April 27, 2017
Shadow IT is a concern for nearly 90% of organizations responding in a recent HDI research report about unauthorized cloud app use and its impact. As I reported in a post last year, the average healthcare organization uses an astounding 928 cloud services, but their IT departments reported knowing about just 60 cloud services on average. Employees bring cloud services into their work places for increased productivity, usually without the knowledge of IT, sometimes creating serious security risks. There is no one better positioned than the IT support center to help manage the use of shadow IT and mitigate the risks to your hospital. How?
Shadow services vary from collaboration tools such as Gmail and Evernote, to content sharing services like YouTube and LiveLeak, to social media (Facebook, Twitter, LinkedIn), to file sharing such as Google Drive, Dropbox, to team / project management services like Asana and BaseCamp. According to a Skyhigh study: “The average healthcare employee uses 26 distinct cloud services including 8 collaboration services, 4 file-sharing services, 4 social media services and 4 content sharing services.” Many of these apps and others are not intrinsically dangerous, but irresponsible usage of them is, such as storing or sharing HIPAA-protected patient information. One danger among many is that cyber criminals monitor cloud services that healthcare employees frequent in order to target their organizations for data theft.
Aside from the direct risk caused by misuse, there are other reasons why shadow IT might cause problems for IT departments. One is poor controls and management, including compliance: IT staff can’t oversee or provide guidelines for applications they don’t know about. Storage and transmission of sensitive data cannot be monitored and accounted for. Another issue relates to configuration management across the organization. For example, If a non-authorized tool uses Java or requires a certain plug-in or browser version, these requirements could conflict with the organization’s IT services or applications.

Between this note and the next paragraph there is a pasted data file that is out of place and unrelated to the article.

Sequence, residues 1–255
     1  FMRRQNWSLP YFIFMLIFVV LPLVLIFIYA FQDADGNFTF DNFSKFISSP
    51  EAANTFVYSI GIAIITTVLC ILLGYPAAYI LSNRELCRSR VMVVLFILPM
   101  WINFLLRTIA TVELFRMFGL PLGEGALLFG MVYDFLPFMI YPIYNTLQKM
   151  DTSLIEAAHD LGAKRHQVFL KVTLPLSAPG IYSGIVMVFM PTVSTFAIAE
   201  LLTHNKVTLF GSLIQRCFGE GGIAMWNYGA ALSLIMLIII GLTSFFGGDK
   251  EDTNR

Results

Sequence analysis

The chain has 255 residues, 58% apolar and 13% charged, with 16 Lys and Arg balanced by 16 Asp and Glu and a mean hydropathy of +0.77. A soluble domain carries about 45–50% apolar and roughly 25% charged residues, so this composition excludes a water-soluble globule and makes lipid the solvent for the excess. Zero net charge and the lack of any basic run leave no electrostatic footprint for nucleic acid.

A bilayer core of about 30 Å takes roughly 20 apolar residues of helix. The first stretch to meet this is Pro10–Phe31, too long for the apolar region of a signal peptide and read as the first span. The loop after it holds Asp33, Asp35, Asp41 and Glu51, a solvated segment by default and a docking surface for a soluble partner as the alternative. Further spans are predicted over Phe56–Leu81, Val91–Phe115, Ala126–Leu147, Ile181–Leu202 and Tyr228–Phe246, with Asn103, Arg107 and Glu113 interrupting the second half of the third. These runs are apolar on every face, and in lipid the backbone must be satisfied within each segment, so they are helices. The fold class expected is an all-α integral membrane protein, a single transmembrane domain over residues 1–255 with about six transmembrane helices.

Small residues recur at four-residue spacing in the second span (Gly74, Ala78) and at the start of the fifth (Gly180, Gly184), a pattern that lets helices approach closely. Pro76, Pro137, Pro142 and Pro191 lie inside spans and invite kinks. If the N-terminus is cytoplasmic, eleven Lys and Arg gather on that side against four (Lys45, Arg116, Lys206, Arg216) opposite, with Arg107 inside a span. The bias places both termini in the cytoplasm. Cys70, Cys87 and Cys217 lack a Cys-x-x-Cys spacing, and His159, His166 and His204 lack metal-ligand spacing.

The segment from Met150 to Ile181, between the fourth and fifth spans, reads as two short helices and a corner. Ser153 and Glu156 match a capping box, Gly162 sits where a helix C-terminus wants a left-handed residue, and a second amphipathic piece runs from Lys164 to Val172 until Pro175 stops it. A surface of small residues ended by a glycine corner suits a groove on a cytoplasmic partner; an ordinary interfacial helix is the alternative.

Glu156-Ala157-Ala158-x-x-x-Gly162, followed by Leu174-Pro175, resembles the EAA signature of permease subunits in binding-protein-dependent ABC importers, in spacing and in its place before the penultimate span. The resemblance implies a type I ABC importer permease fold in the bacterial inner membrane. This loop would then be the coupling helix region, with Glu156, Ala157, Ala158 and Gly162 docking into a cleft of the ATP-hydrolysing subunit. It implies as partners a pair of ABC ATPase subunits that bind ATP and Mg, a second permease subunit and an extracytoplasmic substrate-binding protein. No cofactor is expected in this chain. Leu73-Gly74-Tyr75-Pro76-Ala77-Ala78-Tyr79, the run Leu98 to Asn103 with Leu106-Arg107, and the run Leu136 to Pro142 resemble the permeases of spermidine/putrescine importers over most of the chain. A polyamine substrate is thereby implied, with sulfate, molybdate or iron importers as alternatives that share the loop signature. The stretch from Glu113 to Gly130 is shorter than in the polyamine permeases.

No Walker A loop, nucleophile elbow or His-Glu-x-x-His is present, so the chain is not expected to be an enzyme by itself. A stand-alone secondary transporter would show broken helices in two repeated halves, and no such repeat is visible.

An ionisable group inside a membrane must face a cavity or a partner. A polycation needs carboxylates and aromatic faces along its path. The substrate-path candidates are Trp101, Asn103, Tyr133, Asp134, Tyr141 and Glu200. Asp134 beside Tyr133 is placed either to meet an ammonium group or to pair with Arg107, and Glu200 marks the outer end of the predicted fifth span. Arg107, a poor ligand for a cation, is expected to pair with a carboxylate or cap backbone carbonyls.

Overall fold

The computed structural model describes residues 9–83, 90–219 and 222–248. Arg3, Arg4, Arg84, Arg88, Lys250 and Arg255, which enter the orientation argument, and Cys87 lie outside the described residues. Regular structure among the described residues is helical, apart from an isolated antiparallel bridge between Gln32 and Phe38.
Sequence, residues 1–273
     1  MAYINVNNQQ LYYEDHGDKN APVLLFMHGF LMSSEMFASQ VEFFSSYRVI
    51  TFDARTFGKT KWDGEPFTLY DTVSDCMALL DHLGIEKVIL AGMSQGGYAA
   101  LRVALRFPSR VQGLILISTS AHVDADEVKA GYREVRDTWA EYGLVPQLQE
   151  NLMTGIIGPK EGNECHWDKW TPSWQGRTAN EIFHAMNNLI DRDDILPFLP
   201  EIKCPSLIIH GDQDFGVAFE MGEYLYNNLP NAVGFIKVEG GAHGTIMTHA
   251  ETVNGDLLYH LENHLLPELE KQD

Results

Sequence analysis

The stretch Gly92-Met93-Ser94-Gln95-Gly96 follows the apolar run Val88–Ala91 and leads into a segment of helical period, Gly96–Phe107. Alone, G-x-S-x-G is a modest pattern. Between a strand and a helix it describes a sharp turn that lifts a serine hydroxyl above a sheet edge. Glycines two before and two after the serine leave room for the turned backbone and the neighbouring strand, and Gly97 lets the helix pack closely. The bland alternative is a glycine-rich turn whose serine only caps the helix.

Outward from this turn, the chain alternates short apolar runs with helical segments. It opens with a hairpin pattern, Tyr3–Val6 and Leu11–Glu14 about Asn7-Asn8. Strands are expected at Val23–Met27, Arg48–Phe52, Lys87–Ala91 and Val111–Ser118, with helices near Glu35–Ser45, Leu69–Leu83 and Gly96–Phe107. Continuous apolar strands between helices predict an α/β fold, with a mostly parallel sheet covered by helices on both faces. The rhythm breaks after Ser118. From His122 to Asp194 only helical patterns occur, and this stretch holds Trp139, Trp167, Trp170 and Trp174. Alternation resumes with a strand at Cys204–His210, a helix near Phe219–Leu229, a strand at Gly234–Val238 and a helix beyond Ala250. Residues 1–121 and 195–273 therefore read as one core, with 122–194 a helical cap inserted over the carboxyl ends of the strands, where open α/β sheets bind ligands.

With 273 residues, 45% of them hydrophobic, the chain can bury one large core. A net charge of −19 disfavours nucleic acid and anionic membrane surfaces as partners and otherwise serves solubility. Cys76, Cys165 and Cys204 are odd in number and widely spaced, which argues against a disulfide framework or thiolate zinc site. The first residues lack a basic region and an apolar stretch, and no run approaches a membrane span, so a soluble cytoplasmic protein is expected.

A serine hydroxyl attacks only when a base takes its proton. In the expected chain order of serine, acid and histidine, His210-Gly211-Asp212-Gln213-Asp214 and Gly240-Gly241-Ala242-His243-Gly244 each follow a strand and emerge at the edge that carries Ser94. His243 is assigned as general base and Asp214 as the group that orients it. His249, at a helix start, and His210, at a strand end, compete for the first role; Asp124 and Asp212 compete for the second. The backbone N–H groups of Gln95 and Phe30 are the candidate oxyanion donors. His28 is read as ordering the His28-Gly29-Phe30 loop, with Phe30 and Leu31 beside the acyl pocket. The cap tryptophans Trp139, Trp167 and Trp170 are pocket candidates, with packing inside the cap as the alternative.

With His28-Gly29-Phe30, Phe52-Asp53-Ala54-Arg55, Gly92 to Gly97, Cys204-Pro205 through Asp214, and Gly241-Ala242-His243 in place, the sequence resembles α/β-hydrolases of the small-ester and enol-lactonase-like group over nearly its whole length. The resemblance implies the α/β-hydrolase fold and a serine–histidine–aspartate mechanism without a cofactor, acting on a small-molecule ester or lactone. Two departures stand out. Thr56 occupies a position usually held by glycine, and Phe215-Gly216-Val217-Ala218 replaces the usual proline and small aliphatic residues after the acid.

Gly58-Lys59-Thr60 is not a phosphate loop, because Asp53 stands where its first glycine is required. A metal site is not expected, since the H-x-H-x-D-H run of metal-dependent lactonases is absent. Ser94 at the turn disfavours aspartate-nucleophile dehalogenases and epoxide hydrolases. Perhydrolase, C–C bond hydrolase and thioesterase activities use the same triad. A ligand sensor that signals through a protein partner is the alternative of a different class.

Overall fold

How can your service desk staff help to manage these risks? Per HDI, the leading association of IT support technicians, over 15% of service trouble tickets received are for problems with unauthorized apps. Also, nearly 40% of respondents said that they know of shadow IT tools in use because of word of mouth. This suggests that many users are happy to talk about them (perhaps because they don’t know the applicantions are unauthorized). It’s pretty clear that if so many of the HDI survey respondents know how prevalent shadow IT is in their organization, many are not trying to abolish it, probably because enforcement would be essentially impossible.
But service desk leadership can take steps to manage the use of shadow IT.
In an article in CIO.com, Bob Dimicco, global leader and founder of Cisco’s Cloud Consumption Service practice recommends “Rather than trying to stop [shadow IT], I’m going to look at it and say this represents hybrid IT…It starts with discovering and identifying what’s being used, and then taking that data and applying it to an informed cloud strategy so the IT organization can be a broker.” In other words, be realistic, acknowledge an IT environment that likely includes hundreds more cloud applications than IT has provided or even knows about, and work with it.
Here’s where the IT support center can make an important contribution. Your service staff is engaged with users every day in their role of trouble shooting, and knows them. If the department is following best practices, the service and support leaders should be meeting regularly (preferably weekly) with user representatives to deliver updates and metrics, check for SLA issues, and review new problem trends. To address risks related to shadow IT, these regular conversations should include questions that may clarify usage of non-IT sanctioned software and the needs that have generated this usage. Service desk leaders should regularly ask their agents:
Is there anything you need that you’re not currently receiving in the way of services or applications? Are there any services or applications you’re obtaining elsewhere that you should know about? If so, what is their value? If so, how can you ensure these applications are used securely, or replace them with more secure and similarly beneficial tools? As HDI points out, it is critical that these questions are asked in a nonthreatening manner, and that a foundation of trust is built between users and the support center, if one doesn’t already exist.
Working with shadow IT users instead of against them will benefit the IT department and the entire organization if it results in:
“It’s really clear, employees and lines of business have spoken — they want choice, they want greater speed and agility,” Dimicco says. A respondent to the HDI survey commented, shadow IT usage “typically indicates a need we’ve overlooked, not been made aware of, or not provided sufficient training to the field on what’s available. Discouraging or ignoring shadow IT creates the potential that we will miss out on improvement in our services.”
We all see everyday that the evolution of computerized applications seems to be moving at warp speed. IT departments cannot keep up with the vast array of groundbreaking new tools that can provide specialized user groups needed strengths in productivity. Independent adoption of these tools can present security and other risks, and the IT department must manage them. Let your service desk leadership help.